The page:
Wouldn’t Want to be Passed by a Wheelchair

Sailors perform pull upsI go to the gym to lift weights twice a week. My gym is not a fancy expensive health club with espresso machines and Jacuzzis and lots of Spandex; it’s also not a black iron gym filled with big men, lots of weights, and chalk dust. It’s a city recreation center, so it caters to a diverse population.

Every couple of months, on Tuesday mornings, a new group of young men (and the occasional young woman) turn up. I don’t know if they’re in the Navy, or trying to get into the Navy, but they have something to do with the Navy, and they’re trying to meet some sort of fitness standards. They have some sort of instructor or trainer who has a clipboard. They do pull ups. My trainer and I watch them, count their pull ups, and make quiet comments about how many of their pull ups should count and how many should not. We try to guess how many pull ups the tall muscular guy in the red shoes is going to do.

The other morning a new crop arrived. After they did their pull ups (the guy in the red shoes did 18, one less than the maximum, but we only thought 15 of them counted), they all bunched up in the stretching area, which is where I happened to be with my trainer, doing ab work. Apparently since it was snowing outside their minder decided they wouldn’t go outside to do whatever it was they normally did next, but they should stay inside and run around the track in pairs. He decided on pairs because he didn’t want them to overwhelm the ordinary citizens who were walking/running/lunging around the 1/11th mile track. He instructed them on civilian track etiquette:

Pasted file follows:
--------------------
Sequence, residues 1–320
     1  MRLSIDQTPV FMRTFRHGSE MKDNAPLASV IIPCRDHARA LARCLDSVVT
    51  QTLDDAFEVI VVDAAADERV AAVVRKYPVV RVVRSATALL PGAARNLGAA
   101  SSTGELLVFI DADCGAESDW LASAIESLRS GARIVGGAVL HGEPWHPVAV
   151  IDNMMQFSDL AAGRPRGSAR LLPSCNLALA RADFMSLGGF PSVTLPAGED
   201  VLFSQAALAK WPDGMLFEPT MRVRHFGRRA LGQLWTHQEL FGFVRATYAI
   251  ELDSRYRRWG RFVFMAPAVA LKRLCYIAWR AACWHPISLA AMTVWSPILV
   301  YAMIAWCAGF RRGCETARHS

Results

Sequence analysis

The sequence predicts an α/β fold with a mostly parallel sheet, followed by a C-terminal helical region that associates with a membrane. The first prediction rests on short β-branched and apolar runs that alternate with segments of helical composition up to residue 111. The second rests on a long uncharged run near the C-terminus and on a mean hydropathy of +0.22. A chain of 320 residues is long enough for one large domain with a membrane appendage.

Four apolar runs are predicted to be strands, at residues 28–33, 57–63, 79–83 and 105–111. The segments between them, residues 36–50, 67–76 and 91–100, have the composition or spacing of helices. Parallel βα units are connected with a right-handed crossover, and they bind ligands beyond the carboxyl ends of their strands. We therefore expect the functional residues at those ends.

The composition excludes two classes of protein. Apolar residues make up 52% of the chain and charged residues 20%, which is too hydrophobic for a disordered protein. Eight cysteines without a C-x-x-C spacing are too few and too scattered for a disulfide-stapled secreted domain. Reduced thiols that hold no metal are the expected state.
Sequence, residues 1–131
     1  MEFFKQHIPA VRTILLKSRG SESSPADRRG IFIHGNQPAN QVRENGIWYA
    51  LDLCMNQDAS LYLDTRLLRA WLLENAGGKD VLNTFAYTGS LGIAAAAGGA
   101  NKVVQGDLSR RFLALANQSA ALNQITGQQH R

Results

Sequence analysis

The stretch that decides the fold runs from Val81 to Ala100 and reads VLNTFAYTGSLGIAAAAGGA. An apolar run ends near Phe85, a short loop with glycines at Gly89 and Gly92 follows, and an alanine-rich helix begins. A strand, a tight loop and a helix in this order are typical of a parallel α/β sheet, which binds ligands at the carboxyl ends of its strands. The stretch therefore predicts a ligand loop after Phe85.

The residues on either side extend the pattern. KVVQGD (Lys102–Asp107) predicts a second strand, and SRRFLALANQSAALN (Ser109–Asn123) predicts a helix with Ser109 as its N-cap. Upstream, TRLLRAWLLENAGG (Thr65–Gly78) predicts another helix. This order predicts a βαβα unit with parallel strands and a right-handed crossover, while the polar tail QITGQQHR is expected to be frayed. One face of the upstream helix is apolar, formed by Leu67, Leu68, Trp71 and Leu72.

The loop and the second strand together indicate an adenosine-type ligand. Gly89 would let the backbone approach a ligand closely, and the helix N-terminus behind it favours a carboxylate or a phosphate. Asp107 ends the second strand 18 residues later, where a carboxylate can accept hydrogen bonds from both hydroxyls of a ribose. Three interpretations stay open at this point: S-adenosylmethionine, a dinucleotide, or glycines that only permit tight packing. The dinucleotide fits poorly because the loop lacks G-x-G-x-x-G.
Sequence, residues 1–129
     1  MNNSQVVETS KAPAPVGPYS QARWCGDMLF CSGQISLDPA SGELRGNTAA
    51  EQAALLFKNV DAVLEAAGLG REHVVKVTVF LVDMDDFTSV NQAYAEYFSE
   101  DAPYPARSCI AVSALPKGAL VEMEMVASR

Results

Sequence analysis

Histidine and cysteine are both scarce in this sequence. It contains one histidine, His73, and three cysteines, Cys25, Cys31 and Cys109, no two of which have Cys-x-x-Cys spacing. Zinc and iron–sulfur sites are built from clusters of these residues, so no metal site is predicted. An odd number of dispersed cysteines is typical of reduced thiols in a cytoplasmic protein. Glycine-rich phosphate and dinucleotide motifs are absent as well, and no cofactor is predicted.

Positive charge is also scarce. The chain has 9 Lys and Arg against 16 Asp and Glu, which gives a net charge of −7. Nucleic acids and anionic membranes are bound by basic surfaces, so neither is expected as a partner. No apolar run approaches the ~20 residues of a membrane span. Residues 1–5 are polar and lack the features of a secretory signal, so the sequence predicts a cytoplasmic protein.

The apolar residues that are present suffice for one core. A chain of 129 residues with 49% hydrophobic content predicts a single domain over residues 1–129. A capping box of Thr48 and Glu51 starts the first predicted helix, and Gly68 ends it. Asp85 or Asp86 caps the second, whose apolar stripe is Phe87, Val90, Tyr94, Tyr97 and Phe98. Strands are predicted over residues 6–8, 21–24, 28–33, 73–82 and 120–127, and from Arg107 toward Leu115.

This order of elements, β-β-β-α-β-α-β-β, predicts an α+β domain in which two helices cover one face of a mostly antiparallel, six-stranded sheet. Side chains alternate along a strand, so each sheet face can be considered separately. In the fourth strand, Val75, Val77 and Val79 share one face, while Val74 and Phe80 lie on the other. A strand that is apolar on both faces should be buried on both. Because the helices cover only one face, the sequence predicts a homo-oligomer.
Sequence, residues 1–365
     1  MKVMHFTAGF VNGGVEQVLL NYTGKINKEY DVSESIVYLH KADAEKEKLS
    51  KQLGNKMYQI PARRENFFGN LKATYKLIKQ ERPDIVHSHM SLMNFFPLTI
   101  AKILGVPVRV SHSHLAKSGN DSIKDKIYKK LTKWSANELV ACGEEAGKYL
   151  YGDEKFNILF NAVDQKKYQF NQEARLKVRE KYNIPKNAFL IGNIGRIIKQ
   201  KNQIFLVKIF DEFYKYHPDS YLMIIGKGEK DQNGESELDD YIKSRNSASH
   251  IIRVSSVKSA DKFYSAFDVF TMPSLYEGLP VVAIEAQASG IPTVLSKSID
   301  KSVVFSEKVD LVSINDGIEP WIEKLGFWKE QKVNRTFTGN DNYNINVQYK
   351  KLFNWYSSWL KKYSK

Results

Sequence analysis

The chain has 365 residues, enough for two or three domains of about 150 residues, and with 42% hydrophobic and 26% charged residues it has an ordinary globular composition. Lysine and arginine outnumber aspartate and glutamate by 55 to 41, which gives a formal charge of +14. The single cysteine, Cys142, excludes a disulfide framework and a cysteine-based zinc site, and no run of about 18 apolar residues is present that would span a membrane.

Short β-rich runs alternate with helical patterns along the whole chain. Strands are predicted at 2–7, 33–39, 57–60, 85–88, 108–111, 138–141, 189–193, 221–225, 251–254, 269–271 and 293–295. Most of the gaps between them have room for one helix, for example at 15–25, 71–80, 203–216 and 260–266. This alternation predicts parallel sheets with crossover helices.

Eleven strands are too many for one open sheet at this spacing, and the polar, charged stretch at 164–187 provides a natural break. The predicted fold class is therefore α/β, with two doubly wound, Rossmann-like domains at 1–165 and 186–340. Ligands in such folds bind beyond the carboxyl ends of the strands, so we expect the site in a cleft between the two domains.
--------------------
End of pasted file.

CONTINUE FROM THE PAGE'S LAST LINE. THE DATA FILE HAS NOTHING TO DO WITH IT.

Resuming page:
• Stay on the outside
  • Don’t run anybody over
  • Announce your lap as you pass me
  • If two people are running/walking abreast and you can’t get by, slow down until you can pass them safely

And the pièce de résistance,

  • If I see someone get out there in a wheelchair or something, I’m gonna pull you in, so stay alert

My trainer and I looked at each other with raised eyebrows. Note that these guys were standing so close to me and my wheelchair that I was afraid one of them was going to step on me, so it’s not like it would have been easy for them to miss me. I said, sotto voce, “I have a sudden urge to get back in the wheelchair and get out there on the track.”



  1. che

    weird – was yr chair looking a joyride temptation for them or someone had one folded up in his backpocket?

  2. Katja (Post author)

    No, no, I told the story badly – it’s that they failed to notice me at all, and the trainer was saying that theoretically if some poor crippled person ventured onto the track, the Navy (or Navy wannabe) people would have to come off so as not to be a danger to this poor person.

  3. Ila from

    How horrible is that? I can tell you that I see that people in wheelchairs do get overlooked by half the population it seems, the other half make it a consious effort to be helpful. I was at the zoo with my kids the on Monday & I came out of the restroom with my son… Across the room, literally ACROSS the room, I see a woman in a wheelchair with her assisting dog TRAPPED in between the 2 doors while people are walking in and out. No one offered to help her, until I walked over and helped her. Her wheelchair had got stuck because the “Handicap” buttons were on the exteriors. She had a bump she couldn’t get over. It’s just odd to me that people could walk right past her struggling, and NOT offer to help her. I’m never going to understand it because I grew up in a household with someone with limited mobility.